Welcome back to Top 5 Tuesday, where this week’s topic deals with something I hate: summertime. (Thanks, Shanah.)
Don’t get me wrong: summer is great when you’re in school. You’re younger and can handle the heat better. But do you know what summer is once you’ve graduated and gotten a full-time “adult” job? DESPAIR.
I’m talking I can’t even walk from the front of my building to my car without almost melting into a puddle on the sidewalk. I hate the beach, so that’s a summertime activity that most people do that I do without. Yesterday, for example, the heat index reached 102* and there was a heat advisory in effect. I don’t want to live somewhere where walking outside might kill you, but I also don’t want to leave the place I’ve lived for the past eleven years. (Also, side note — wow, eleven years!)
Today, we’re looking at the top 5 summertime reads I’d recommend. To me, I feel like a summertime read is different from a beach read: a beach read is something light that you don’t have to think very hard about, while a summertime read is something you can get lost in because you’ve got the time. Ready?
Inkheart by Cornelia Funke
I know you’ve read my Inkheart review at some point in the past, where I said that Funke would’ve done so much better had she stopped after this book. I still believe that. The sequels, in my mind, don’t exist, even though I’ve got them on my shelf and I’ve read them several times over (each time hoping they’ll get better — spoiler alert, they don’t).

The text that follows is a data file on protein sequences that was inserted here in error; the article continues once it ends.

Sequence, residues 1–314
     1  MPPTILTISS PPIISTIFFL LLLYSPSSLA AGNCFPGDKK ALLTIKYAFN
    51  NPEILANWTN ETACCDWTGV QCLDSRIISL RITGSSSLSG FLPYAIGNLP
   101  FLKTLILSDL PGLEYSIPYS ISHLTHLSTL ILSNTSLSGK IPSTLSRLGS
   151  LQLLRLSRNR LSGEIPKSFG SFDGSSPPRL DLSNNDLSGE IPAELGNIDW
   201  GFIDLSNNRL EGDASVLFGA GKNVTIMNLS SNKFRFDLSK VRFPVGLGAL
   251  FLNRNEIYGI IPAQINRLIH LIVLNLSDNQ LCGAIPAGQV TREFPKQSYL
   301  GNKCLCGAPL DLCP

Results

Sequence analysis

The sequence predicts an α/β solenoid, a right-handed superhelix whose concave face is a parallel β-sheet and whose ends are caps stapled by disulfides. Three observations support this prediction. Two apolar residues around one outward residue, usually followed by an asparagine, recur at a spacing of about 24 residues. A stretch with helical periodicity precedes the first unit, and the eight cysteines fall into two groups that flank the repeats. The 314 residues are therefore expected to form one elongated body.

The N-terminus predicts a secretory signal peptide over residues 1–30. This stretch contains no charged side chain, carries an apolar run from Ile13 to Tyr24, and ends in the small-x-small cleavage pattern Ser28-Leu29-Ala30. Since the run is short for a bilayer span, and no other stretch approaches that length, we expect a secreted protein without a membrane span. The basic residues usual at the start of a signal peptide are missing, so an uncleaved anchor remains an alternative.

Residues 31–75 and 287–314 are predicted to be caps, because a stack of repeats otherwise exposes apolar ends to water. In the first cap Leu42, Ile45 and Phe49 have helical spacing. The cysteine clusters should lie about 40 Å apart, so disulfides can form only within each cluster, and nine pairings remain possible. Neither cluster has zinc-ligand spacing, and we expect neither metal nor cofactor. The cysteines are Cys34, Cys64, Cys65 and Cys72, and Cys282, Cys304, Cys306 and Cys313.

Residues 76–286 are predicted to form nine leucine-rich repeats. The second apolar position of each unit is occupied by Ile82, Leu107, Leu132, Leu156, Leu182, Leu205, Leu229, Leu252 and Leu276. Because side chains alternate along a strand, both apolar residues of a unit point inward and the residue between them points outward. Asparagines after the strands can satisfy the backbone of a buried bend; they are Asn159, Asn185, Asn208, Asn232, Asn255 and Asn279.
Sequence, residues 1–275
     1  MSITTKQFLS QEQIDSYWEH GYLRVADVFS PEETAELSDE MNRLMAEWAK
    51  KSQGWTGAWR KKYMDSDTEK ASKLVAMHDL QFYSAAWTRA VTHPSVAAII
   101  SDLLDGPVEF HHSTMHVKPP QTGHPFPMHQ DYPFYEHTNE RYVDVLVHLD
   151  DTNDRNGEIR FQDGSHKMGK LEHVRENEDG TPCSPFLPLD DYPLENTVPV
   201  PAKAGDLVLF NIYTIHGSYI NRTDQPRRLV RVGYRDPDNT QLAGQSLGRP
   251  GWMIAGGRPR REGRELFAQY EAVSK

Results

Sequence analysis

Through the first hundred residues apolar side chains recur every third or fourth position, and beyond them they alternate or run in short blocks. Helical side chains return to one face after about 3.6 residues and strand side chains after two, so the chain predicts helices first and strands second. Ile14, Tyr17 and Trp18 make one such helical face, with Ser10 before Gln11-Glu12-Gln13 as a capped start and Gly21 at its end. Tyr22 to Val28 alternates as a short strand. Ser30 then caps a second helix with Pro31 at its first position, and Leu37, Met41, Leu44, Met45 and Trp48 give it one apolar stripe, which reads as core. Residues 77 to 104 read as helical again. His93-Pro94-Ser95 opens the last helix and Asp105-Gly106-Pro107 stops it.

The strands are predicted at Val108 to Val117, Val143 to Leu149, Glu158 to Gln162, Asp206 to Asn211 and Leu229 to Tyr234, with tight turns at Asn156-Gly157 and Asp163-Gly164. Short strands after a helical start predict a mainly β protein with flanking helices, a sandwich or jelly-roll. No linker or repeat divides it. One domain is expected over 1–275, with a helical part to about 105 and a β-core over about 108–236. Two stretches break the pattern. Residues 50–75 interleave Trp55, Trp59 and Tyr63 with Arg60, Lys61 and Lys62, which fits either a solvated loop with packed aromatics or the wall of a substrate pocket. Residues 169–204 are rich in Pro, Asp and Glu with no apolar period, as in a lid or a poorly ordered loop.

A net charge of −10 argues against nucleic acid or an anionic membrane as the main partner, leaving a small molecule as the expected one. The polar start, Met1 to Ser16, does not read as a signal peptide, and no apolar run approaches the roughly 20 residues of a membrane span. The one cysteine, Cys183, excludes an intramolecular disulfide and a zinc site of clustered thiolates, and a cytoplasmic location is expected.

However, I will maintain that the original Inkheart novel is something everyone should read. While Meggie might be a bit annoying at times (you have to remember, though, what she’s going through and how old she is and how isolated she’s been her whole life), ultimately this is a story about change. It’s a great story to read under the covers at night, hoping against all odds that the good will triumph over evil. Give it a shot!
The Hobbit by JRR Tolkien